This is the last Market Insights Today for 2022. Our first edition for 2023 will be on 3 January. We would like to wish all our readers a joyous festive season and happy New Year.
What’s happening in markets?
Nasdaq 100 (NAS100.I) and S&P 500 (US500.I) reversed and fell on upward revision in Q3 GDP
U.S. equities reversed the gains from the previous session and tumbled on an upward revision in the Q3 GDP to 3.2% from the previously reported 2.9%. Coming in at 216K, the initial jobless claims increased less than the 222K expected. Investors were whipsawed by the hope of goldilocks of moderation of inflation and a soft landing and the fear of the persistent strength in the labor market and the economy preventing the Fed from lifting its foot from the brake. A day after the hope on Wednesday, investors succumbed to fear on stronger than expected economic data that were taken as bad news for the market. S&P500 fell by 1.5% and Nasdaq 100 shed 2.2% on Thursday. All 11 sectors within the S&P 500 declined, with laggards of consumer discretionary, information technology, and energy falling over 2% each. Tesla (TSLA:xnas), plunging 8.9% was once again the top loser in the S&P 500 as well as the Nasdaq 100. Please refer to Peter Garnry’s notes on more about the harsh reality that Tesla is facing. Following the gloomy demand outlook from Micron (MU:xnas), the semiconductors were sold off, with Lam Research (LRCX:xnas) falling 8.7%, Applied Material (AMAT:xnas) down 7.8%, Nvidia (NVDA:xnas) down 7%, and Advanced Micro Devices (AMD:xnas) down 5.6%.
US Treasuries (TLT:xnas, IEF:xnas, SHY:xnas) cheapened on strong economic data
Q3 GDP was revised up to 3.2% from the previously reported 2.9%. The personal consumption component was revised up to 2.3% from the previously reported 1.7% on firmer services consumption. The quarterly core PCE in the Q3 GDP report was revised up to 4.7% from the previously reported 4.6%. The monthly PCE and core PCE for November are scheduled to release today. The stronger-than-expected GDP revision saw yields on the 2-year Treasuries 6bps cheaper to 4.27%. The long-end’s reaction to the data was muted with yields on the 10-year 2bps higher to 3.68%. The demand in the 4-week and 8-week bill auctions was good while the demand in the 5-year TIPS auction is relatively subdued.
Hong Kong’s Hang Seng (HIZ2) and China’s CSI300 (03188:xhkg) rallied on stimulus rhetoric and talk of shortening quarantine
The Hang Seng Index rallied 2.4% and CSI 300 climbed 0.4% as of writing, after China’s State Council, the People’s Bank of China, and the China Securities Regulatory Commission separately released meeting readouts or statements to pledge to implement the decisions from the recent Central Economic Work Conference to boost the economy, support the property sector, and the internet platform companies. Mega-cap China internet stocks surged, with Alibaba (09988:xhkg) up 4.1%, Tencent (00700:xhkg) up 4.1%, Meituan (03690:xhkg) up 6.8%, and Bilibili (09626:xhkg) up 9.6%. Adding to the risk-on sentiment is market chatter about the shortening of quarantine to three days. Leading retail and catering stocks soared. Xiabuxibu (00520:xhkg) jumped 15.7% and Haidilao (06862:xhkg) rose by 7.6%. Li Ning (02331) surged 7.4%. Educational services providers continued to rise in anticipation of potential loosening restrictions over the sector.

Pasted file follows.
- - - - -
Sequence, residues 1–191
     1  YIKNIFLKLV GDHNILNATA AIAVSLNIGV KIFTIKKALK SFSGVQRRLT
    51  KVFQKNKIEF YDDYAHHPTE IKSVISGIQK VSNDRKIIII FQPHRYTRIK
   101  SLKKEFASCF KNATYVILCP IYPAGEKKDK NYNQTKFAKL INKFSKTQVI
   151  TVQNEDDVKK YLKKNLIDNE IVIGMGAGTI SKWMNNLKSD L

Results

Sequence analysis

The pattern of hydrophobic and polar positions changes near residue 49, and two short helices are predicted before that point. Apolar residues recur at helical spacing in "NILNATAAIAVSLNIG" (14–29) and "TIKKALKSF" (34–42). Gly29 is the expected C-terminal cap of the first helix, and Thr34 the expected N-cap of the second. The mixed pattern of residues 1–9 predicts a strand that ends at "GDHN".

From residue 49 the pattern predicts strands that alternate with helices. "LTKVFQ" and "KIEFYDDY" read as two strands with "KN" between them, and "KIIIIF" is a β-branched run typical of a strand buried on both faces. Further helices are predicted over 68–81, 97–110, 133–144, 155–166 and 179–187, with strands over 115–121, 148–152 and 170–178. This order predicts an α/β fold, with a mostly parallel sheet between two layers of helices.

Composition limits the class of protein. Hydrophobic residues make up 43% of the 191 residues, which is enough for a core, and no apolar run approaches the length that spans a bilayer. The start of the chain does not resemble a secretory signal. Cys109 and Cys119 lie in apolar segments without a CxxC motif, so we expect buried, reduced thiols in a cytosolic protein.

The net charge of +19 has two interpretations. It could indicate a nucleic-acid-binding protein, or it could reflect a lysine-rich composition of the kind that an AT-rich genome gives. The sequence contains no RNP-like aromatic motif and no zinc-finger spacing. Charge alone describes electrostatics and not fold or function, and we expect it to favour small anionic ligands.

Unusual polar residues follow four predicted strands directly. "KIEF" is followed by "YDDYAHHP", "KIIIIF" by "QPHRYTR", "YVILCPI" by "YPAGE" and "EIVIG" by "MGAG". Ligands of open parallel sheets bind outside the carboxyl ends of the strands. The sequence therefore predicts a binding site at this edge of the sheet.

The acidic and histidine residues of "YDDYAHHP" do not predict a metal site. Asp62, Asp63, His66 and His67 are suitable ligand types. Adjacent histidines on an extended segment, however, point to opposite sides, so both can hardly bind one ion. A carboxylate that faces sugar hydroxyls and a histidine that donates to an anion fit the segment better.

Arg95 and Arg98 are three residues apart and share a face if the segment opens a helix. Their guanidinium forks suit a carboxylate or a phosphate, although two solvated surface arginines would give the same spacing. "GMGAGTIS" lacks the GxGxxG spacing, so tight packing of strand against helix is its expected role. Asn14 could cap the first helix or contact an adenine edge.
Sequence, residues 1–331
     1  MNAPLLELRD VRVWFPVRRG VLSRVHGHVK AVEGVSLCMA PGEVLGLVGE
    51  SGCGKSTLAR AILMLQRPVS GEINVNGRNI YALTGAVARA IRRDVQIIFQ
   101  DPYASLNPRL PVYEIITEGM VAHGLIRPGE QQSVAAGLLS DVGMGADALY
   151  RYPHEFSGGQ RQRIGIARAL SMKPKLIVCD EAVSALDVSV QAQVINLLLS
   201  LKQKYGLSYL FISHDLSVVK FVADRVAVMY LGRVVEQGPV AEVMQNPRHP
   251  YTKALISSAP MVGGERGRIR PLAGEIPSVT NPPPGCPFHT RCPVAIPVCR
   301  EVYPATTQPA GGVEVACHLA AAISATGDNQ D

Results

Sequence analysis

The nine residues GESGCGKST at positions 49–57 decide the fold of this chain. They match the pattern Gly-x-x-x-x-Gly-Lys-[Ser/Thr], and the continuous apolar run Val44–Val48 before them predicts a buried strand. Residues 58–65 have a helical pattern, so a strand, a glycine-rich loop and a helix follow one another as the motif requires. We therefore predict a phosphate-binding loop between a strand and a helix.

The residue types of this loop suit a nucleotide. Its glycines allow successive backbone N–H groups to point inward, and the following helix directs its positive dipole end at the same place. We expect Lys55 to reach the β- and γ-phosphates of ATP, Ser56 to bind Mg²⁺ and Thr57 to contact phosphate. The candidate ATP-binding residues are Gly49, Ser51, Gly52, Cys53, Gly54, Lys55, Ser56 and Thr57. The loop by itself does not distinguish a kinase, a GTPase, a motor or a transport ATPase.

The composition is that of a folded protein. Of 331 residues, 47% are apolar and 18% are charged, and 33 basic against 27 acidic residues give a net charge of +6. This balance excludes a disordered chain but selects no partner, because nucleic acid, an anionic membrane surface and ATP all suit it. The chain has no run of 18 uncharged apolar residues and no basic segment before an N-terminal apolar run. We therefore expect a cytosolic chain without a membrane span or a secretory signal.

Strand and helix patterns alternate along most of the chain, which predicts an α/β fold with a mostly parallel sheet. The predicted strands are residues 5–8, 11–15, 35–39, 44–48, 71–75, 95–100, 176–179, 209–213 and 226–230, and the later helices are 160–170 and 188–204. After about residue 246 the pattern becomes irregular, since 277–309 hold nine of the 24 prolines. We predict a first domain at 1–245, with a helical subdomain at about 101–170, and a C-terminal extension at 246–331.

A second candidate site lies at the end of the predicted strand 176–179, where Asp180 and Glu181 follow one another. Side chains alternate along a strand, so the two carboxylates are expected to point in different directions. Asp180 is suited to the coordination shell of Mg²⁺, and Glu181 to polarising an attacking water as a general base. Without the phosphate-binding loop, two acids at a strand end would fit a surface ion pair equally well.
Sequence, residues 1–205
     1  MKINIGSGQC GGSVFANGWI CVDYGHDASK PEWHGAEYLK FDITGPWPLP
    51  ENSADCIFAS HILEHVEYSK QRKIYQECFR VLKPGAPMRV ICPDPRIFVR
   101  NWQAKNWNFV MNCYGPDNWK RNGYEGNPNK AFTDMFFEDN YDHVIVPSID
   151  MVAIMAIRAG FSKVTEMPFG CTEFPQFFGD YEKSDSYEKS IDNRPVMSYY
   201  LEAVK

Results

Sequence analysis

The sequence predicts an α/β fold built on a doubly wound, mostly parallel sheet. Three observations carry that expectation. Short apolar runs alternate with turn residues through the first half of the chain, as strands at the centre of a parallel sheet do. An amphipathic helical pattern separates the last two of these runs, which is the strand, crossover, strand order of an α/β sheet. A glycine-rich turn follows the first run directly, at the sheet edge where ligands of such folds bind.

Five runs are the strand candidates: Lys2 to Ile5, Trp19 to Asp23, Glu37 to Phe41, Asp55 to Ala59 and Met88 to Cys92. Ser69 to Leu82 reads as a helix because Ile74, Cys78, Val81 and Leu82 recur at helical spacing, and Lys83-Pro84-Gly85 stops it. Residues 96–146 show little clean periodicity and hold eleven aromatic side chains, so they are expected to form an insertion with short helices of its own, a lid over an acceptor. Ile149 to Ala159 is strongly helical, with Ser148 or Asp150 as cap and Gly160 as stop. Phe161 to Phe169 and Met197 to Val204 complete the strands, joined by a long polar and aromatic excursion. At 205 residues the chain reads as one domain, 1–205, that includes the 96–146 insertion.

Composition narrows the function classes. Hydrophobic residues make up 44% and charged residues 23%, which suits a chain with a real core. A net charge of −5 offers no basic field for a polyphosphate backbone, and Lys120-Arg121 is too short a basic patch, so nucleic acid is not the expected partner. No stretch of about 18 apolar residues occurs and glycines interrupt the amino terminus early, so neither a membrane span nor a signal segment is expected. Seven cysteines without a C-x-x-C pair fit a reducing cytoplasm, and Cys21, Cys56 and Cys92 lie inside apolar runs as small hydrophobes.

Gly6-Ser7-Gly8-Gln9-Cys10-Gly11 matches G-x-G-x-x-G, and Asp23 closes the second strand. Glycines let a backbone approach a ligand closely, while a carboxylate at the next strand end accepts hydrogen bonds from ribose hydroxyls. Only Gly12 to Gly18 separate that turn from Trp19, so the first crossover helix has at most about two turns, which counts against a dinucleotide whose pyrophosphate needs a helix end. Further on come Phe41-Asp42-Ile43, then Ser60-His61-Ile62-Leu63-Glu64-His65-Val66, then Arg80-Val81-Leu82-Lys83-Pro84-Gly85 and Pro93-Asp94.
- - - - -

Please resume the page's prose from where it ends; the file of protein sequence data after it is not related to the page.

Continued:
FX: US dollar little changed versus major currencies
The U.S. dollar tread water in thin trading ahead of a busy economic calendar today in the U.S. with the closely watched PCE deflators, plus personal spending, durable goods, new home sales, and the U. of Michigan Consumer Sentiment Survey. USDJP and EURUSD were nearly unchanged at 132.30 and 1.0600 respectively. GBPUSD was moderately lower at 1.2030, down 0.4% and AUDUSD was down 0.5% to 0.6670.
What to consider?
Japan’s November CPI in line with expectations
Japan’s national CPI released this morning came in basically in line with expectations. The headline CPI ticked up to 3.8% Y/Y from 3.7% in October but below the 3.9% consensus forecast. CPI excluding fresh food and CPI excluding fresh food and energy were as expected, being at 3.7% Y/Y (vs consensus: 3.7%, Oct: 3.6%) and 2.8% Y/Y (vs consensus: 2.8%, Oct: 2.5%) respectively in November.
US November PCE may be on course for further easing for now
US inflation is cooling, but we argue that the debate at this point needs to move away from peak inflation to how low inflation can go and how fast it can reach there. Fed’s preferred inflation gauge, the Core PCE, will continue t,o remain in focus especially after Powell has highlighted it a key metric recently at both the Brookings Institute and the December FOMC press conference. However, PCE may now slow as rapidly as CPI with the two key restraining components – goods and energy – likely to play a smaller part in PCE. Expectations are for a November reading of 5.5% Y/Y reading vs a previous reading of 6.0% Y/Y while the core is expected to come in at 4.6% Y/Y from 5.0% Y/Y in October. Still, risks to inflation remain tilted to the upside going into 2023 as financial conditions have been easing and China’s reopening brings a fresh wave of inflation risks.